On viewing an ultrasound image of a thyroid nodule, one can make out whether the nodule is hypoechoic or not. These nodules produce lesser echoes and appear less darker on ultrasound. This Buzzle article tries to understand more about hypoechoic nodules.
Did You Know?
Thyroid nodules tend to show benign features in more than 90% of biopsies conducted in the United States.
A hypoechoic nodule refers to an abnormal protrusion that usually occurs in the thyroid gland. It is a lump, a form of irregularity that is usually observed in the thyroid gland. The thyroid gland is a butterfly-shaped gland that is located in the throat area. These abnormal growths can be either solid or filled with fluid, but in some cases, they are a combination of solid and fluid, in which case they are commonly referred to as complex hypoechoic nodules. The formation of thyroid nodules has often been attributed to a lack of iodine in the diet.
Whether a nodule is hypoechoic or not depends on how it appears on ultrasound. As we all know, in an ultrasound test, the transducer placed on the body tissue sends high frequency sound waves into the tissue, which hit the target and return to the transducer as echoes. These echoed sound waves are then used to produce visible images using a scanner. The scanner produces a black and white image on the screen. An ultrasound of the thyroid gland that has a hypoechoic nodule causes sound waves to bounce back in fewer numbers. As a result, the image looks less darker than the normal surrounding thyroid tissue on ultrasound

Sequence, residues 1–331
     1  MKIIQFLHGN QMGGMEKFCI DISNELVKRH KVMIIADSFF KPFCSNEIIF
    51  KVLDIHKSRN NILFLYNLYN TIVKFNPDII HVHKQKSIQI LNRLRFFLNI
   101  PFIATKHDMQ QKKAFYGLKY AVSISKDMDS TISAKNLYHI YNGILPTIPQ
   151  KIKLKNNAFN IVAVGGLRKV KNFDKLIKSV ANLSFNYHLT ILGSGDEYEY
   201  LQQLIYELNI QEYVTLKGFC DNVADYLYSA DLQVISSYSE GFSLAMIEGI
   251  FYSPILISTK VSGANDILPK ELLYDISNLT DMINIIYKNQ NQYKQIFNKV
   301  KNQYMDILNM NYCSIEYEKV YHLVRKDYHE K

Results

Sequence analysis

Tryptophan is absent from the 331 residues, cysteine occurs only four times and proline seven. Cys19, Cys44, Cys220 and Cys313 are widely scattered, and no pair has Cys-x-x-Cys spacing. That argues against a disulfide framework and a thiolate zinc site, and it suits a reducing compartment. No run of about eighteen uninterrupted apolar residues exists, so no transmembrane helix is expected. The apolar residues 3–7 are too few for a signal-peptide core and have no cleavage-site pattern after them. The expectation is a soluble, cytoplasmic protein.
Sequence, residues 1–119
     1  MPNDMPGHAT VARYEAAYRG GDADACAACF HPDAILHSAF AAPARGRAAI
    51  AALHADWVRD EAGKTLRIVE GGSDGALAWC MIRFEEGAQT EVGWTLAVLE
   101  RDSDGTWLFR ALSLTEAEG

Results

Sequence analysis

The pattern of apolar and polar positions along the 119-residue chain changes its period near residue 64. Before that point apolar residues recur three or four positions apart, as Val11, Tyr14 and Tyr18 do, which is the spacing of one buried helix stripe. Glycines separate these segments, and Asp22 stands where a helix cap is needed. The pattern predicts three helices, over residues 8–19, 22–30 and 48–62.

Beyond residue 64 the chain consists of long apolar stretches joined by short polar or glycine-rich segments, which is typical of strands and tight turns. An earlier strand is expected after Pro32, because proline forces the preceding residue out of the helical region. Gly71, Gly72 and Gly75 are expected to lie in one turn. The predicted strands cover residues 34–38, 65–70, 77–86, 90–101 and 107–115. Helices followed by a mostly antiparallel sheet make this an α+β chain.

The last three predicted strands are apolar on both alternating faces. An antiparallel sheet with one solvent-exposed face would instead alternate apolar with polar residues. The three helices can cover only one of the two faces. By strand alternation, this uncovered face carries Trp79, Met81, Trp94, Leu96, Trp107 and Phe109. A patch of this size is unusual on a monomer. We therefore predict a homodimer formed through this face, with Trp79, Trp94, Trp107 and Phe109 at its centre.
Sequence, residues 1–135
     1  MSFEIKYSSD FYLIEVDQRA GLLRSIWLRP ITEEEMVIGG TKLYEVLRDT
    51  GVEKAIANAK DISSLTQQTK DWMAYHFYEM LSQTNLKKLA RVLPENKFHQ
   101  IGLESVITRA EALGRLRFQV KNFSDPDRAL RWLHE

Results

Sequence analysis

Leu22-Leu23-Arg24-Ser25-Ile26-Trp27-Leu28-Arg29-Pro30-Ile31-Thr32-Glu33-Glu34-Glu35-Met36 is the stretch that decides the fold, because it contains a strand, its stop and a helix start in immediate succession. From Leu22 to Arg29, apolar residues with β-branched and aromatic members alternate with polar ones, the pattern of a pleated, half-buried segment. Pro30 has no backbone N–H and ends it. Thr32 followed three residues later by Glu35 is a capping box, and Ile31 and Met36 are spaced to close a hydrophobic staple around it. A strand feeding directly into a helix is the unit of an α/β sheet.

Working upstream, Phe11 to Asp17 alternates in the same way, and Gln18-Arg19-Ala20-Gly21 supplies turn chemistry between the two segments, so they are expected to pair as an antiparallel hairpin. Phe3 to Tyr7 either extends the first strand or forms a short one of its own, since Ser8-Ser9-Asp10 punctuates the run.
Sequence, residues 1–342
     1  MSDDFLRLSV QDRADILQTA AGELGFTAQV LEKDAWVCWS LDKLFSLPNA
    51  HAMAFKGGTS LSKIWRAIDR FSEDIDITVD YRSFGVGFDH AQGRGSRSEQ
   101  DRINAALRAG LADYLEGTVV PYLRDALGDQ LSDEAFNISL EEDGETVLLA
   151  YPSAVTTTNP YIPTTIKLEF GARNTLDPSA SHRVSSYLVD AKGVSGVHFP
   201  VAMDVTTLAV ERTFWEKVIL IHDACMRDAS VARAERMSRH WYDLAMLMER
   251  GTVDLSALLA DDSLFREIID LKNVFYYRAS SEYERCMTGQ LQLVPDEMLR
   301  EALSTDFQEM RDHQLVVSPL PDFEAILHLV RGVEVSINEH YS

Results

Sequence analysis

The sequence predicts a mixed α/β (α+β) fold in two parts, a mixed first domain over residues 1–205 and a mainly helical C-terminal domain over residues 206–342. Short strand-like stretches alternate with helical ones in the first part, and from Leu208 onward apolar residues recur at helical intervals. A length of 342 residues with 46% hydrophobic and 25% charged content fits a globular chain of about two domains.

A majority of papillary cancer―a type of thyroid cancer―are found to be hypoechoic. Also, the chances of hypoechoic nodules being cancerous is somewhat higher than other types of nodules. Moreover, the cancer risk increases if the hypoechoic nodule is found to be a solid mass showing calcified deposits or the ultrasound image suggests that the nodule has its own blood supply. However, most cases of thyroid nodules turn out to be benign. Hence, hypoechoic nodules are usually not a cause for concern.
As hypoechoic nodules tend to affect the thyroid gland, its functionality is disrupted. The formation of these nodules can either cause hypothyroidism (gland becoming underactive, leading to inadequate production of thyroid hormones) or hyperthyroidism in which the thyroid gland produces more than normal amount of hormones. These thyroid problems can cause fatigue, muscle weakness, and bowel dysfunction that include diarrhea and constipation.
The presence of hypoechoic nodules can also affect the larynx (voice box), which may lead to a change in voice. So the person diagnosed with thyroid nodules is likely to complain about hoarseness in his/her voice. Other symptoms that may occur include swollen lymph nodes in the throat area and visible enlargement of the thyroid gland, which may lead to trouble while speaking and swallowing.
An ultrasound may detect some suspicious features of hypoechoic nodules, but one should not jump to any conclusions unless a biopsy is carried out. The biopsy test involves using a needle to draw out a sample of cells from the lump. The cells are then observed under a microscope to detect the presence of cancerous cells. This procedure that is carried out under local anesthesia is considered to be a diagnostic test for thyroid cancer.
Disclaimer: The information provided in this article is solely for educating the reader. It is not intended to be a substitute for the advice of a medical expert.